- You will be informed of your exam score immediately after completion. Once you have passed all required exams, you will be a licensed broker-dealer agent in Pennsylvania.
Step 3: Get Your On-The-Job Training
Once you have a position at a broker-dealer firm, you will participate in on-the-job training. This will help you to better understand appropriate investment strategies that align with your firm’s investment philosophy. On-the-job training may include shadowing a fellow employee or participating in group sessions.
The on-the-job training that you receive will most likely cover a number of different financial vehicles in the context of aligning clients with suitable investments:
- Options on stocks
- Variable contracts
- Mutual funds
- Government securities
- Corporate equity and debt securities
- Corporate, municipal and treasury bonds
- Open-end and closed-end investment company shares
Direct participation programs like non-publicly traded real estate investment trusts or oil and gas leases
Step 4: Ongoing Requirements for License Renewal and Continuing Education
Annual License Renewal and Fees
Each year, your Pennsylvania securities licenses will be renewed automatically. There is a $105 renewal fee owed to the Pennsylvania Securities Commission each year, which will be paid automatically from your broker-dealer’s general CRD account.
Continuing Education Requirements
In order to stay abreast of current regulations, you are required to complete the Securities Industry Continuing Education Program. The continuing education program is made up of two distinct elements:
- The Regulatory Element
Beginning in your third year, the Regulatory Element training program must be completed (within 120 days from your second annual registration). It is then completed once every three years thereafter.
Broker-dealer agents that possess a Series 7 license must complete the S101 General Program. The S101 addresses a broad area of material within four modules:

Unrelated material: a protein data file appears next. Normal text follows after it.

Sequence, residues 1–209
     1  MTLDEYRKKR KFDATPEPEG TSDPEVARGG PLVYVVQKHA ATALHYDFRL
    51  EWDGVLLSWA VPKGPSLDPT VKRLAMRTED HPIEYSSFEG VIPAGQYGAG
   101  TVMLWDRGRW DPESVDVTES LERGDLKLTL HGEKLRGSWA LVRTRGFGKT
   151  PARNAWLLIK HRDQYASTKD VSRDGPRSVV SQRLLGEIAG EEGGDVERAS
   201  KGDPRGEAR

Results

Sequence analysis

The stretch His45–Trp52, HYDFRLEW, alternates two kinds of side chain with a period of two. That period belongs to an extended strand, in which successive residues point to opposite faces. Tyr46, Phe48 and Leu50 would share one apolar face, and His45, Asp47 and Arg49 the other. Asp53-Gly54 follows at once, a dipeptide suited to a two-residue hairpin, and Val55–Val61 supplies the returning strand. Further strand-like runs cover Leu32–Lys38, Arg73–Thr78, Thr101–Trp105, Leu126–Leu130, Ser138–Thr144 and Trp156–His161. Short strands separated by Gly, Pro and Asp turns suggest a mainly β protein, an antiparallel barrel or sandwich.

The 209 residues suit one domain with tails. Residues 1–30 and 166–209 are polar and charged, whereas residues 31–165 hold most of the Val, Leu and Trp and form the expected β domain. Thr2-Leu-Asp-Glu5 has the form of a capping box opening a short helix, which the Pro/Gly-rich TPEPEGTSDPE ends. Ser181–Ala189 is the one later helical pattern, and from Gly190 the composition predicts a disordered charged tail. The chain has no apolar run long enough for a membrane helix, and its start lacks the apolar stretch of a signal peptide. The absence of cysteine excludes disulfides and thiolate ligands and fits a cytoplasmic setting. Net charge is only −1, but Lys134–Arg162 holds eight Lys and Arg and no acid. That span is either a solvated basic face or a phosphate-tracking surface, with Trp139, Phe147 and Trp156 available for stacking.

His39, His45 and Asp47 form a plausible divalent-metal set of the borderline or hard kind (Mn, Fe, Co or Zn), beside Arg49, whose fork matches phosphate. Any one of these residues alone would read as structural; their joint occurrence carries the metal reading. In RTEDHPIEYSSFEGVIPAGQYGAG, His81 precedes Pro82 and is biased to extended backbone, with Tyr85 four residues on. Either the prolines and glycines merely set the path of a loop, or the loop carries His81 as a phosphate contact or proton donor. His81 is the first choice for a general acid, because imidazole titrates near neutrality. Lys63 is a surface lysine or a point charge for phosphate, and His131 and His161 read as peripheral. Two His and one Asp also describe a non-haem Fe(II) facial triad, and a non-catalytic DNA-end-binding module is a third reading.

- Handling Customer Accounts/Trade and Settlement Practices
- Communicating with the Public
- Client/Product Suitability
- New and Secondary Offering & Corporate Finance
- The Firm Element
Each year, FINRA assesses the most relevant topics affecting the financial industry. Your broker-dealer firm will then implement its own Firm Element program based on the requirements set by FINRA and the topics it deems appropriate. You are required to complete Firm Element training each year. The Firm Element addresses the following general areas:
- Regulatory requirements related to products, services, and strategies
- Investment features and associated risk factors
- Sales practices and suitability standards
Updating your Form U-4
You must disclose any changes that may affect your Form U-4 to your broker-dealer’s compliance department so that your registration information can be updated. Instances that would trigger an updated include:
- Changes to name or marital status
- Address updates
- Customer complaints
- Pending or completed disciplinary actions
- Financial judgments against you
- Civil judgments against you
- Criminal disclosure
Your securities registration and all information contained therein can be accessed by the public through FINRA’s BrokerCheck.